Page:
Britain in the Iron Age

The Iron Age in Britain lasted from 800 BC until the time of the Roman conquest, which began in AD 43. However, Iron Age ways of life carried on in most of Scotland and all of Ireland. Iron was first used in this period and replaced bronze for tools such as axes and knives and weapons such as swords and spears. Bronze continued to be used for many other objects, such as jewellery.

Iron Age Britain was essentially rural. There were no towns, factories, large quarries or major roads. Neither were there complex ways of organising society into states or empires. People lived in large communities or tribes, some ruled by chiefs, some not. Money was unknown until the very end of the period. Britain was a land full of farms and small villages, although in some areas people lived in larger settlements or hillforts. Nevertheless, a surprisingly large number of people lived in Britain at this time: at least a million, perhaps several.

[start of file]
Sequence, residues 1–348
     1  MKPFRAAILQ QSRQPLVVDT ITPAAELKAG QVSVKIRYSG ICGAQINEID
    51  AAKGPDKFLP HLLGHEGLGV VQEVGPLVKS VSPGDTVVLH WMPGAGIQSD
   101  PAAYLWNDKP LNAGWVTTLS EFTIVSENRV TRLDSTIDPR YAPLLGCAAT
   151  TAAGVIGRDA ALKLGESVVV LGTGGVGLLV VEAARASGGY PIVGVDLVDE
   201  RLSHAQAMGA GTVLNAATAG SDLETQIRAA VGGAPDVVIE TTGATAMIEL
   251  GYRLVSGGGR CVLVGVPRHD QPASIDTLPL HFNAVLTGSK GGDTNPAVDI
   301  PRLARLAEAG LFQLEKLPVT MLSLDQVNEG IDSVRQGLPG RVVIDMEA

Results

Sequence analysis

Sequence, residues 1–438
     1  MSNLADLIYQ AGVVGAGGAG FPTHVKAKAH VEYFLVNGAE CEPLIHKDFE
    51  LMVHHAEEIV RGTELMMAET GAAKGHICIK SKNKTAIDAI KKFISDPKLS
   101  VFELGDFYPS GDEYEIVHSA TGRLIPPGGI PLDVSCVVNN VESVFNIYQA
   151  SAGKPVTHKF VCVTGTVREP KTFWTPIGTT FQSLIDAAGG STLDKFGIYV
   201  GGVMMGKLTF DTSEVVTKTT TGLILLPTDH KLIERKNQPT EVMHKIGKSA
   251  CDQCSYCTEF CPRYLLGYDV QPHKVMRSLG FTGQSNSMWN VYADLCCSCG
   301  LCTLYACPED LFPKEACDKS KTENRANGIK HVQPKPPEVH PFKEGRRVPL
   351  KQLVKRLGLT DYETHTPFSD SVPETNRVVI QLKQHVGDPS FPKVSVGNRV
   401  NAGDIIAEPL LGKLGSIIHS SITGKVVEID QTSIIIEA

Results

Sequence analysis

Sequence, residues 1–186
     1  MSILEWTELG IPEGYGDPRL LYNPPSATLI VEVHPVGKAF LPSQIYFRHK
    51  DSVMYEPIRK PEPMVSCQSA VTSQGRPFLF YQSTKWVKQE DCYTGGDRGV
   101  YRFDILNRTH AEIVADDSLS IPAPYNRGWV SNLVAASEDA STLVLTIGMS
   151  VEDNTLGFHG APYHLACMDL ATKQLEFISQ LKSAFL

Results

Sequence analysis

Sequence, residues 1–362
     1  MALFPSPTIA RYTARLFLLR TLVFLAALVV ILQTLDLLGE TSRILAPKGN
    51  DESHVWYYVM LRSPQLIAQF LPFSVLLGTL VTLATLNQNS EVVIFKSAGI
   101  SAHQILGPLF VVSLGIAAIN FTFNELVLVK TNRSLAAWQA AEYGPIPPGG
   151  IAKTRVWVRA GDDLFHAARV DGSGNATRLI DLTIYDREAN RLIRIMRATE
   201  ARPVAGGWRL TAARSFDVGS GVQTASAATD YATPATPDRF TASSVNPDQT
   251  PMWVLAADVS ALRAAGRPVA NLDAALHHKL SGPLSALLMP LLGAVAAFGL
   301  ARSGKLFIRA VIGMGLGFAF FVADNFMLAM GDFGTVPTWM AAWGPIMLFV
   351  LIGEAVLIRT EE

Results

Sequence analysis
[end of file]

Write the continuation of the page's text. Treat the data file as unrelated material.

The people probably spoke one or more Celtic languages. The tribes had many contacts and much in common with each other, and with similar peoples in other parts of western Europe. It is through these contacts that La Tène or Early Celtic Art spread. However, there is no evidence for the mass migration of people into this country from the Continent at this time, as once was thought to be the case.

Although there were many aspects of life that remained the same, there were also important differences between the peoples living in one part of Britain compared to another. For example, some people buried their dead in cemeteries; other people did not bury their dead at all. Equally, over the 850 years of the Iron Age, aspects of life did change, sometimes dramatically.

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